ties inflicted by the statute law, are, 1. The having a freehold [*175] estate of 1001. *per annum (26): there being fifty times the property

required to enable a man to kill a partridge, as to vote for a knight of the shire : 2. A leasehold for ninety-nine years of 150l. per annum: 3. Being the son and heir apparent of an esquire (a very loose and vague description), or person of superior degree : 4. Being the owner, or keeper, of a forest, park, chace, or warren. For unqualified persons transgressing these laws, by killing game, keeping engines for that purpose, or even having game in their custody, or for persons (however qualified) that kill game or have it in possession, at unseasonable times of the year, or unseasonable hours of the day or night, on Sundays or on Christmas day, there are various penalties assigned, corporal and pecuniary, by different statutes (k) ; on any of which, but only on one at a time, the justices may convict in a summary way, or (in most of them) prosecutions may be carried on at the assizes. And, lastly, by statute 28 Geo. II. c. 12. no person, however qualified to kill, may make merchandise of this valuable privilege, by selling or exposing to sale any game, on pain of like forfeiture as if he had ng qualification (27), (28).* (i) Burn's Justice, Game, 03.

(k) Burn's Justice, tit. Game. (25) The doctrine, so frequently repeated IV. c. 69. In New-York the laws relative to by the learned commentator, that no person game are only intended to prevent the destruc. had originally, or has now, a right to kill game tion of them at improper seasons of the year. upon his own estate, without a licence, or See 1 R. S. 701. grant from the king, is controverted in 2 book, (28) The ancient statutes of 12 R. II. c. 2, p. 419. d. 9.

“that none shall obtain offices by suit, or for re(26) It must be a fee-simple estate of 1001. ward, but upon desert,” which Lord Coke says a year, or an estate for life of 1501. per an- is worthy to be written in letters of gold, but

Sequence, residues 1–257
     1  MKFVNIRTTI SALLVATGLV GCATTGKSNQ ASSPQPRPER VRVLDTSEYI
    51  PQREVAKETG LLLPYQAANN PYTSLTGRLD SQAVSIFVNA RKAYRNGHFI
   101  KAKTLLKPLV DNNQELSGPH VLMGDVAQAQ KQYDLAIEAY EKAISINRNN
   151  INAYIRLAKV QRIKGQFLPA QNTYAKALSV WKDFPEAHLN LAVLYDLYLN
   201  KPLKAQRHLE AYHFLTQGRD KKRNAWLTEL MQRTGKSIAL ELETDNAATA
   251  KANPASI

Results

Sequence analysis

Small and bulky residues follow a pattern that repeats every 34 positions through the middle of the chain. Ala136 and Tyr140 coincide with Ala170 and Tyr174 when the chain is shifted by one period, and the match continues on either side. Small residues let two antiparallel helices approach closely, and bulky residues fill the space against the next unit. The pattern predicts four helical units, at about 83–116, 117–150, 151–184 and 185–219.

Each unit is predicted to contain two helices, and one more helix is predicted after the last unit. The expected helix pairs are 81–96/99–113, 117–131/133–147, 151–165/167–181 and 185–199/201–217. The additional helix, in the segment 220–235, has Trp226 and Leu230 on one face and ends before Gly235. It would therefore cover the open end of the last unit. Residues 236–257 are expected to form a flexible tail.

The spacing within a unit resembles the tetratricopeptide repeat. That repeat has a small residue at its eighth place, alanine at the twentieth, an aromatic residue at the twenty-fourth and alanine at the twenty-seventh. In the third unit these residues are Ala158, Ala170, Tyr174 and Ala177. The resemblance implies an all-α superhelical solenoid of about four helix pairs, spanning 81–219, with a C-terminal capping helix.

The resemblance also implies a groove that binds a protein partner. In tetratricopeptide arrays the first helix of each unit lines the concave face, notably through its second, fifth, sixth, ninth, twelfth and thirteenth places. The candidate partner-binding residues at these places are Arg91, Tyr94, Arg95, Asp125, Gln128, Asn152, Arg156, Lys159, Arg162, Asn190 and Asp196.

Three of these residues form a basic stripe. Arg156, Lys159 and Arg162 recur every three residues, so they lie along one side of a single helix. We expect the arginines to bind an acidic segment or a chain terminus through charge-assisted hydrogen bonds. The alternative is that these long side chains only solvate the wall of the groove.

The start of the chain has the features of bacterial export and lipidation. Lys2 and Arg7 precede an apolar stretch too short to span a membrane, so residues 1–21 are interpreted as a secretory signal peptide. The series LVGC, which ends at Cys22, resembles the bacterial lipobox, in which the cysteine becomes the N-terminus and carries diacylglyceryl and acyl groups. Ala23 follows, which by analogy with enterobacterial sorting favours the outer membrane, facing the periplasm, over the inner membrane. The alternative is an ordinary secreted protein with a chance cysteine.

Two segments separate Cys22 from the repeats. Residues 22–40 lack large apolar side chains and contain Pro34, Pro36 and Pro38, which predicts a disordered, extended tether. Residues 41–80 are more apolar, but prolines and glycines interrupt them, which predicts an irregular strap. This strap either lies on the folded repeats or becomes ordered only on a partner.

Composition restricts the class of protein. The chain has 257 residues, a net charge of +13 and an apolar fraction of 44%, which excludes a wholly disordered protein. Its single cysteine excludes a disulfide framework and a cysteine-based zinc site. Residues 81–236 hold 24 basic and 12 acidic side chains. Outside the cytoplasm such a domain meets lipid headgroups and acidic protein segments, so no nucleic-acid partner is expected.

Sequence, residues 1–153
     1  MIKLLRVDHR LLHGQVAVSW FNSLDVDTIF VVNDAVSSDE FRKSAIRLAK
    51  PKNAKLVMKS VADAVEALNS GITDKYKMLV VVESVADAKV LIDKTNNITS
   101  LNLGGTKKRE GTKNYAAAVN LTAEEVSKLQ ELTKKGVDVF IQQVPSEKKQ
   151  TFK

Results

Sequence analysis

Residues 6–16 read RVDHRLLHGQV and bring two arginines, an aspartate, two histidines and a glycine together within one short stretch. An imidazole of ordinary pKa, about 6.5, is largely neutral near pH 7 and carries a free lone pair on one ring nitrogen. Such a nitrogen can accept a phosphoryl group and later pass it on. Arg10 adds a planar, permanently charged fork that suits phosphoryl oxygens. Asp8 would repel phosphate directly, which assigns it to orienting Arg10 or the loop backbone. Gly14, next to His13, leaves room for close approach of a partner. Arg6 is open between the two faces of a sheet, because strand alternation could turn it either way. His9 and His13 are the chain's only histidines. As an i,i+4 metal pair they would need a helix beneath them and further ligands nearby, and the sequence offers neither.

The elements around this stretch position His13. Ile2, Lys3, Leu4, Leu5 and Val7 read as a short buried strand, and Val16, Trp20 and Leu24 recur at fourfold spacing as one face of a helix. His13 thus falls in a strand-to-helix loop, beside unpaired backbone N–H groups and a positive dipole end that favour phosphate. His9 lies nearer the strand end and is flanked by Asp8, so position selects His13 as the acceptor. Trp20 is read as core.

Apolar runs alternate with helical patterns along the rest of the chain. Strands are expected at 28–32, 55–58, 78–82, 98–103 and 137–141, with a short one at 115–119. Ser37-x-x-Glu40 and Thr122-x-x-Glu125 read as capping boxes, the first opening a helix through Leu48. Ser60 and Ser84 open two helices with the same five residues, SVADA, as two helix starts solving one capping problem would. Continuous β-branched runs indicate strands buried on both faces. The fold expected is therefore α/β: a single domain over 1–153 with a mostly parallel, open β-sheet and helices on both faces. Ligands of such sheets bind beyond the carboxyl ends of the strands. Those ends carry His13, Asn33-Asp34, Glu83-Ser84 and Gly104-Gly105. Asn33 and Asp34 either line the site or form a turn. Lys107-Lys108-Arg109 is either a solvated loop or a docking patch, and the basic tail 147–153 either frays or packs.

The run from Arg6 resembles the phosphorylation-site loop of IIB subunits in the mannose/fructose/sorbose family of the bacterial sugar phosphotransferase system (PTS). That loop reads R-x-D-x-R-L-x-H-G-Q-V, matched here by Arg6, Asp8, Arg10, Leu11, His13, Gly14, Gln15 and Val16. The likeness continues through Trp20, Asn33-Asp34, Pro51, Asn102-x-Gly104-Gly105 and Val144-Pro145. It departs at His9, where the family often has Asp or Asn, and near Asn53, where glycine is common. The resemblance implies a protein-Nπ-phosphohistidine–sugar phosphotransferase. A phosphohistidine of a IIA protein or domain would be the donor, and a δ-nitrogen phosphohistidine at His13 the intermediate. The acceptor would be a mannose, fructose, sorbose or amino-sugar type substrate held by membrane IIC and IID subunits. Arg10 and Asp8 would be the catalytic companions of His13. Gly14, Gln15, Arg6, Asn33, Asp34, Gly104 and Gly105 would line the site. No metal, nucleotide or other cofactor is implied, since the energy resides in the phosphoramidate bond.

more worthy to be put in due execution, Co. (27) The present act in England is 9 Geo. Litt. 234, and that of 5 and 6 E. VI. c. 16,

(4) See Hov, n. (4) at the end of the Vol. B. IV.





In the ten preceding chapters we have considered, first, such crimes and misdemeanors as are more immediately injurious to God, and his holy religion ; secondly, such as violate or transgress the law of nations ; thirdly, such as more especially affect the king, the father and representative of his people ; fourthly, such as more directly infringet he rights of the public or commonwealth, taken in its collective capacity; and are now, lastly, to take into consideration those which in a more peculiar manner affect and injure individuals or private subjects.

Were these injuries indeed confined to individuals only, and did they affect none but their immediate objects, they would fall absolutely under the notion of private wrongs ; for which a satisfaction would be due only to the party injured; the manner of obtaining which was the subject of our inquiries in the preceding book. But the wrongs, which we are now to treat of, are of a much more extensive consequence ; 1. Because it is impossible they can be committed without a violation of the laws of nature ; of the moral as well as political rules of right: 2. Because they include in them almost always a breach of the public peace: 3. Because by their example and evil tendency they threaten and endanger the subversion of all civil society. Upon these accounts it is, *that, be- [*177] sides the private satisfaction due and given in many cases to the individual, by action for the private wrong, the government also calls upon the offender to submit to public punishment for the public crime. And the prosecution of these offences is always at the suit and in the name of the king, in whom by the texture of our constitution the jus gladii, or executory power of the law, entirely resides. Thus too, in the old Gothic constitution, there was a threefold punishment inflicted on all delinquents ; first, for the private wrong to the party injured ; secondly, for the offence against the king by disobedience to the laws; and thirdly, for the crime against the public by their evil example (a). Of which we may trace the groundwork, in what Tacitus tells us of his Germans (6); that, whatever offenders were fined,“ pars mulctae regi, vel civitati, pars ipsi, qui vindicatur vel propinquis ejus, ersolvitur

(a) Stiernhook, l. 1, c. 5.

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(6) de mor. Germ. c. 12.